I remember thinking, who wants to watch a movie on a phone? I also remember thinking how cool it would be to have that kind of access. Just imagine: as a lifelong fan of “The Andy Griffith Show,” I would someday be able to watch any episode I wanted with one or two keystrokes! As a lifelong music fanatic, I would be able to listen to any song or album I wanted anytime — and anywhere — I felt like it, since everyone would be using laptop computers and we would be able to get on the Internet virtually everywhere we went. Our computers would become the centers of our lives. Everything would become so … easy and fast. Everything would be great, beyond our imagination!
“Dad, do you think we’ll get out of school tomorrow?” My son, Jack, is standing in the doorway of our bedroom. Sunday night is bearing down again, and the weekend forecasts have been taunting him and his sister with the promise of a big snowstorm, which is supposed to begin around 7 a.m. on Monday morning, just in time to get them out of school. But he’s not quite prepared to buy in, not after having been burned already three or four times by faulty forecasts. What’s that song by The Who? “Won’t Get Fooled Again?”
I am living the days I have dreamed of all my life. “One day,” I said, somewhere ages and ages ago, “I will have children, and I will watch the Super Bowl with them just like I watched it with my dad.”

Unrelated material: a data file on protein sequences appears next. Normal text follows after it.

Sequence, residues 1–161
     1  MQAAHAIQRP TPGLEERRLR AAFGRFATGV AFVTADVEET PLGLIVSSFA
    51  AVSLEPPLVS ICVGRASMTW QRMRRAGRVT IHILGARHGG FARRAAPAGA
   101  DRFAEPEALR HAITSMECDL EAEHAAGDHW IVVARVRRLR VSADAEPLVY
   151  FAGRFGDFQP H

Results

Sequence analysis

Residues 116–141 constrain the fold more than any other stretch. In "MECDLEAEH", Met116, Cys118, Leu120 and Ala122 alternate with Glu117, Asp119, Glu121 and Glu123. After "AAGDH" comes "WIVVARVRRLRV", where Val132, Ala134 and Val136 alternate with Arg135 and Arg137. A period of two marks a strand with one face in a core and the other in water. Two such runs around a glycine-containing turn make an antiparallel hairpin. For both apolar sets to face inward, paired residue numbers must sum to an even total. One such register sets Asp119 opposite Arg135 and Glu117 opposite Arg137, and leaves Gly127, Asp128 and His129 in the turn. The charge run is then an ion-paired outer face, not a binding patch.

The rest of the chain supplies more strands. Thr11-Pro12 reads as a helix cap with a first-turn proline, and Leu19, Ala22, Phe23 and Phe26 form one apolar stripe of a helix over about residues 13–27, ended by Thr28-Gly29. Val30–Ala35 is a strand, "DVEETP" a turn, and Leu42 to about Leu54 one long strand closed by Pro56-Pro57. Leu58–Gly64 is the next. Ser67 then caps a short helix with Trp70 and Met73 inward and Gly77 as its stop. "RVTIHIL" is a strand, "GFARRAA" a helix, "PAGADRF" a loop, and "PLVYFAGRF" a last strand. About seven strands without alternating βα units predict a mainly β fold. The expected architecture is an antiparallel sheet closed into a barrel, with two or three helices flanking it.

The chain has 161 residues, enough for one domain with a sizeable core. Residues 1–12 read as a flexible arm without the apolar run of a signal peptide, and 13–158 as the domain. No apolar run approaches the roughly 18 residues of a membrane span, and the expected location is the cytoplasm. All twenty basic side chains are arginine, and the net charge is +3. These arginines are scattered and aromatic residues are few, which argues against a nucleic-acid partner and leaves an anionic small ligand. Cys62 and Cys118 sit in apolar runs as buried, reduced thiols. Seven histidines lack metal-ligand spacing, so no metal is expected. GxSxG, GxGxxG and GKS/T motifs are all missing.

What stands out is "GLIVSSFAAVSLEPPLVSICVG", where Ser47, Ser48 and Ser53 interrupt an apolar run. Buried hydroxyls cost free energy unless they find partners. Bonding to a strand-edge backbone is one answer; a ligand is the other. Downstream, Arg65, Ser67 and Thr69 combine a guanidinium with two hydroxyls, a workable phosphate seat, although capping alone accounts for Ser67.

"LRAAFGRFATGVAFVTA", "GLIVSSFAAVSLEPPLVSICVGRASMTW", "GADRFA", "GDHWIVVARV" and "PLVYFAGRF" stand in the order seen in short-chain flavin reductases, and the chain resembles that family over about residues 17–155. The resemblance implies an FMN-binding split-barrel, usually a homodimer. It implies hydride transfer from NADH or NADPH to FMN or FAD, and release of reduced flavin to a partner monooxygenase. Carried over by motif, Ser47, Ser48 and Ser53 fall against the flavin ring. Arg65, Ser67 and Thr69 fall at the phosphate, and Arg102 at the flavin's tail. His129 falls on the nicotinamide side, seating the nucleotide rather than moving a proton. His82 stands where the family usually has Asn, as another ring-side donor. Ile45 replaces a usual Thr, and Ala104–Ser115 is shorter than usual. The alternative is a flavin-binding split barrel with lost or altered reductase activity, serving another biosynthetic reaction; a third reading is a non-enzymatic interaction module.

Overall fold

And now I do have children, and I am watching the Super Bowl with them, explaining different fine points of the game, explaining what the game represents and why the game means so much to the players, the coaches, and the fans. I am explaining (I do a lot of explaining — I am a teacher, you see, and a former sportswriter, so it’s not as if I can help myself. I would explain the game to the dog if the kids weren’t here) … wait a minute, where was I?
One of the pure joys of my job — teaching English on the college level — is getting to spend time with young people still working out their identities and finding their own way. In my composition classes, they tell me (and each other) their stories, and in my literature classes, they wrestle with Emerson, Dickinson, and Shakespeare, among others, absorbing it all and testing new ideas against their experience. We discuss, we debate, we search for meaning, we try to find common ground.